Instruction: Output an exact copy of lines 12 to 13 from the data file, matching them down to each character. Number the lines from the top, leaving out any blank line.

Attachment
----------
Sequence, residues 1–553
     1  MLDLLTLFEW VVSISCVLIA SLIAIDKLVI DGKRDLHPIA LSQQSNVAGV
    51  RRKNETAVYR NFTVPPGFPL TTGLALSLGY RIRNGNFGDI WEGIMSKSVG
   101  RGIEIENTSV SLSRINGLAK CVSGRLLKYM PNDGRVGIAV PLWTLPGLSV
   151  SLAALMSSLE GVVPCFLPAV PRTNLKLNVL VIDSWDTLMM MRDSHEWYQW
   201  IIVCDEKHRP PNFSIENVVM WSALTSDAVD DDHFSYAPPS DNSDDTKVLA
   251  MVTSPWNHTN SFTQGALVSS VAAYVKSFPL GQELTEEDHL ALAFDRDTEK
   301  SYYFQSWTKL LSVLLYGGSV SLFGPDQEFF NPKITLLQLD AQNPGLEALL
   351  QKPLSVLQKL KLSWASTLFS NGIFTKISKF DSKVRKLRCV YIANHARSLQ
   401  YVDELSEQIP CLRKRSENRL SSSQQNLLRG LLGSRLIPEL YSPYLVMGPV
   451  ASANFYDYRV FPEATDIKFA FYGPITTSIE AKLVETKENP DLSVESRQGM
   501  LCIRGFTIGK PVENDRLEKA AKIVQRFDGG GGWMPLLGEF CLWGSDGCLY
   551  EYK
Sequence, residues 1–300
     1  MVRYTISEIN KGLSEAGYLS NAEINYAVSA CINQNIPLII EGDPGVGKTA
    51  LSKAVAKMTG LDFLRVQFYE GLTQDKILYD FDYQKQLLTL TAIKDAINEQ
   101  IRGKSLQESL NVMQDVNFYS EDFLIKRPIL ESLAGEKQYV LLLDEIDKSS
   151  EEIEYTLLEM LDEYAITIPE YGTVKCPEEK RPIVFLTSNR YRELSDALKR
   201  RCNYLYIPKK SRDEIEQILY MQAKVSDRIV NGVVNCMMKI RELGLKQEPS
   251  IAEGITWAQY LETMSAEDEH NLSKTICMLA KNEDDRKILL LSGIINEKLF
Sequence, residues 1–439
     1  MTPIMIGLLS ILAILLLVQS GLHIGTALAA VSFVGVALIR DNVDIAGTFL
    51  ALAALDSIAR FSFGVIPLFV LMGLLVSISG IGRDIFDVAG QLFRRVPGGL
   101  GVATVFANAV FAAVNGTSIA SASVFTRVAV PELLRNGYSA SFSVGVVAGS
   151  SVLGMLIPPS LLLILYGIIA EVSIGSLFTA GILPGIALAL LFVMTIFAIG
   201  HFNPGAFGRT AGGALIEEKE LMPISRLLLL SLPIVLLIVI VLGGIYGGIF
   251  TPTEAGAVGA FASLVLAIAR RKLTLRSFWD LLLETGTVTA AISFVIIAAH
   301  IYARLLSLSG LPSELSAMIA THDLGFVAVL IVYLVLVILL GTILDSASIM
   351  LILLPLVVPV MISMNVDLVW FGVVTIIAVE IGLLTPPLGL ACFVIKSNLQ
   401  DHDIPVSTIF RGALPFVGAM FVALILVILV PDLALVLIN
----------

   501  LCIRGFTIGK PVENDRLEKA AKIVQRFDGG GGWMPLLGEF CLWGSDGCLY
   551  EYK